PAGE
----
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Volvo shows an electric SUV and plans to drop cars running on just gas or diesel

The Volvo XC40 Recharge electric car
The Volvo XC40 Recharge electric car
(Volvo)

Volvo showed its first fully electric vehicle in Los Angeles on Wednesday, part of a new branding effort to back the Swedish company’s lineup of electric and plug-in hybrid vehicles.

The XC40 Recharge compact SUV is an electric version of a gas-powered vehicle that went on the market earlier this year.

Volvo said it intends to reduce the “life cycle carbon footprint” of its vehicles by 40% per car and make its global manufacturing network carbon-neutral by 2025. That’s in line, it said, with the global climate agreement struck in Paris in 2015.

Volvo has marketed its reputation for safety over the decades. Now it wants to be known for commitment to the environment too.

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“Safety is part of our DNA,” Håkan Samuelsson, chief executive of Volvo Cars, told The Times. “Let’s do exactly the same thing with sustainability.”

EV sales rose 65% in California in the first half of the year, led by Tesla. But that doesn’t mean consumers are suddenly in love with electric cars.

The company, owned by Chinese auto giant Geely, plans to introduce one fully electric vehicle each year through 2025 and a number of plug-in hybrids, which are able to run solely on electricity for a few dozen miles before power switches to internal combustion.

Volvo said it will phase out vehiclesthat run solely on gasoline or diesel fuel by 2025. In 2020, the company said, 20% of its vehicle sales will be that of plug-ins. By 2025, the company said, half of its vehicles sold will be fully electric, the other half plug-in hybrids and standard hybrids.

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Carmakers in China and Europe are moving rapidly toward electrification, driven primarily by regulation. In the U.S., Ford has detailed aggressive electrification plans. General Motors and Fiat-Chrysler have been more vague. Ford is the only U.S. company that has committed to follow California emissions rules that are being contested by the Trump administration. (Joining Ford are Honda, Volkswagen and BMW.)

The XC40 is priced at about $56,000 before $7,500 federal and $2,500 California electric-car incentives are applied.

The SUV has 408 horsepower and gets about 248 miles on a charge to its 78-kWh battery. The battery, the single most expensive part of an electric vehicle, is “sizable enough to give you a fair amount of range but not so super expensive that only a minority of rich people can afford it,” said Henrik Green, Volvo’s chief technology officer.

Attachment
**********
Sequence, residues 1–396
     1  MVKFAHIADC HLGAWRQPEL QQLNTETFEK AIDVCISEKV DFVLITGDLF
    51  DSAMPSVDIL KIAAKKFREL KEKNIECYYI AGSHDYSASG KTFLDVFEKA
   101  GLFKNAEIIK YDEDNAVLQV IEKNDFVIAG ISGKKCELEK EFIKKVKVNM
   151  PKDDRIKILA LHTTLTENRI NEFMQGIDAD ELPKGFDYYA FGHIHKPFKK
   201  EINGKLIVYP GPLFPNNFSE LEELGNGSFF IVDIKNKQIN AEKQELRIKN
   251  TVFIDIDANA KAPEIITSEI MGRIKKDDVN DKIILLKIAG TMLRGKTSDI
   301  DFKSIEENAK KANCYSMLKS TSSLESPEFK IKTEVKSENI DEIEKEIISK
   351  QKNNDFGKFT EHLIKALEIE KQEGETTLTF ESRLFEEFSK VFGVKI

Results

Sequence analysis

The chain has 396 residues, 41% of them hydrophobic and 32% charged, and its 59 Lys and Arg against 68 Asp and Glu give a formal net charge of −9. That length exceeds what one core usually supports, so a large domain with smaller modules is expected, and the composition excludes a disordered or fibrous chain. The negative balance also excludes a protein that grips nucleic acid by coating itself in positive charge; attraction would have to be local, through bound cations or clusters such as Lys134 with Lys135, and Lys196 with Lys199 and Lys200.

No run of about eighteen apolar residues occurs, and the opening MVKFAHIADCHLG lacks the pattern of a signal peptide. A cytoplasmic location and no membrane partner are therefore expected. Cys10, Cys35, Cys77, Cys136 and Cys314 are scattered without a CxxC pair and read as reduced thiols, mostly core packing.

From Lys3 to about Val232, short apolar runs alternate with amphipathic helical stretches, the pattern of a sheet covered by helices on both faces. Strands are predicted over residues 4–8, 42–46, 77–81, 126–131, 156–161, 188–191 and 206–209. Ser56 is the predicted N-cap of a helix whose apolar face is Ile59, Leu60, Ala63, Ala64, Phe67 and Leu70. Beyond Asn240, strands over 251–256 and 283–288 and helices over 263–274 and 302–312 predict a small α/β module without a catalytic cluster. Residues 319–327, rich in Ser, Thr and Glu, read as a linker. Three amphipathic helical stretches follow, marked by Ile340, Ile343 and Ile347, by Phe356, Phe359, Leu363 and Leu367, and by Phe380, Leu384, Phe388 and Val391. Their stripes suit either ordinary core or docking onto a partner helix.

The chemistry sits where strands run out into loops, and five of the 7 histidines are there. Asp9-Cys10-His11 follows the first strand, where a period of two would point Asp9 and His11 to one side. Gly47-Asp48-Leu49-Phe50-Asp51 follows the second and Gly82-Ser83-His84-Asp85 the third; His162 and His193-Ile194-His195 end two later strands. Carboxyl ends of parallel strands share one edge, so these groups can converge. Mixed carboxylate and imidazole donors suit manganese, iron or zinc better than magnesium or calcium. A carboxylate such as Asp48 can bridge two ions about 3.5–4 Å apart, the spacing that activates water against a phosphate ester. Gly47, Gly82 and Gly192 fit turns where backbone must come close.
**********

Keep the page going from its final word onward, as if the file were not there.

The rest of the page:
The vehicle will employ over-the-air software updates, a first for Volvo, and the infotainment system will be based on the Google Android operating system.

While the XC40 is Volvo’s first fully electric vehicle, Volvo’s Polestar brand plans to begin selling the Polestar 2 next year. Whereas Volvo is developing multi-power-train platforms, Polestar is strictly electric drive and branded to appeal outside the usual Volvo crowd.

Volvo itself has been a bit behind the curve in electric vehicles. It will take several years to build up its pure-EV offerings. In the meantime, as it phases out liquid-fuel-only vehicles, Volvo will rely on hybrids and plug-in hybrids. Like Volkswagen and other companies banking big on plug-ins, it’s a bold move. With dozens of EVs and plug-in hybrids scheduled to hit the market over the next few years, those autos still account for less than 3% of sales both in the U.S. and in Europe.

Mark Wakefield, who heads the automotive unit at consultant AlixPartners, said plug-in hybrids are a bridge technology that already are losing ground to full EVs as batteries get cheaper and charging convenience becomes less of a problem. “Plug-in hybrids make a lot of sense right now but will make less sense in the future,” Wakefield said.

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The main problem with hybrids is the cost of building two power trains — one gas-powered, one electric — in one vehicle, he said. That means either higher prices for consumers, lower profit margins for manufacturers, or both.

Wakefield said his firm calculates that internal combustion vehicles typically require 6.2 labor hours to assemble the engine, all-electric autos require 3.7 hours to assemble the motor and battery, and plug-in hybrids require 9.2 hours.


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